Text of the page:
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Trends come and go in the hacking world. A few years ago, stealing credit card numbers was the crime of choice for most of the hackers out there. They’ve since begin to gravitate toward health related information. The two big trends in 2020 were the rampant increase in ransomware attacks against companies of all shapes and sizes and the preference of hackers to focus on identity theft.

Both of these crimes saw huge increases last year, but the number of identities stolen last year reached a mind-boggling record of 1.4 million in 2020, which is more than double the number reported in 2019. While there are a number of different factors that have fed into this trend, the biggest and most influential one seems to be the ongoing pandemic, which has created a whole raft of opportunities for hackers to exploit.

The government’s Paycheck Protection Program has created a confusing maze that can be hard for some out of work people to navigate. The hackers and scammers of the world are only too happy to insert themselves in the process, offering assistance as a ruse to gain personal information.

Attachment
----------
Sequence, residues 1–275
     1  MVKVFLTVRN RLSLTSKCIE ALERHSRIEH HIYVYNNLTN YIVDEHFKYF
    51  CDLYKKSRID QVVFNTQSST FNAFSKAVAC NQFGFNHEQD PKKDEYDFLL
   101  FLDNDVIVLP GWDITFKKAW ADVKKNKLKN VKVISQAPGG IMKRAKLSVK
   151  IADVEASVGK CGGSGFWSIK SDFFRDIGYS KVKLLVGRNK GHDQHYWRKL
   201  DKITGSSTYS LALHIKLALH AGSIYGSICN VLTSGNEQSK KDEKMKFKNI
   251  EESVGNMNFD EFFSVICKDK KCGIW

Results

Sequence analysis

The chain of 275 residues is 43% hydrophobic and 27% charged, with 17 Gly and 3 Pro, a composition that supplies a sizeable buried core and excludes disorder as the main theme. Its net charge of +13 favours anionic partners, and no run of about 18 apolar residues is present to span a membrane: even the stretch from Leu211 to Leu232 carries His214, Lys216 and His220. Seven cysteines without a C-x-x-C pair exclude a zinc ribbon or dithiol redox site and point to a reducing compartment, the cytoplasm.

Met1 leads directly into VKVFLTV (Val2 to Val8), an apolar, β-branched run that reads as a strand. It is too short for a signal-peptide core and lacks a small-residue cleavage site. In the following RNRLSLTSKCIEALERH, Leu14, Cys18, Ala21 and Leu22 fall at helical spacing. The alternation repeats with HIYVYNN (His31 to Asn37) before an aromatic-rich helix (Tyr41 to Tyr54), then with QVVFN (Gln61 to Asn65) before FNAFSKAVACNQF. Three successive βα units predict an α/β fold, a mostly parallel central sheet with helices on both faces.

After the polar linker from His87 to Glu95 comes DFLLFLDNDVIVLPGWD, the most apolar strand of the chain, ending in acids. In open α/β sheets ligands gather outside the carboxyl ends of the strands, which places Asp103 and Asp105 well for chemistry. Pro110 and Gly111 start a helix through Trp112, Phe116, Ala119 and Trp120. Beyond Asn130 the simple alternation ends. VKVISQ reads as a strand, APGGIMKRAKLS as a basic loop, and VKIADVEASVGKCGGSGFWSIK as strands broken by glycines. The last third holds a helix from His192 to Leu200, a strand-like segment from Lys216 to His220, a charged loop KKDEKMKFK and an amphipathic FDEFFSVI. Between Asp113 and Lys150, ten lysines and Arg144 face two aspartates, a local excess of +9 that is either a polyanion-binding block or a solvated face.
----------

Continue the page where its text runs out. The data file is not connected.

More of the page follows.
In a similar vein, with tens of millions of people out of work and state unemployment systems struggling under the strain, there have been delays in getting benefits that sometimes span months. Again, this raises legitimate questions which hackers and scammers are only to happy to pretend to answer. They use social engineering techniques and pretend to offer assistance in getting needed benefits more quickly, only to steal the target’s identity.

Given this, the IRS has recommended that all taxpayers at least consider taking the time to establish an Identity Protection PIN when filing their taxes this year. This is essentially a form of two factor authentication that will help ensure that if you’re due a refund from the IRS, someone who has stolen your identity won’t file taxes on your behalf and steal it from you.

It’s sound advice but sadly, this won’t be the last threat we’ll need to be mindful of in the months ahead. Stay vigilant out there.

Used with permission from Article Aggregator

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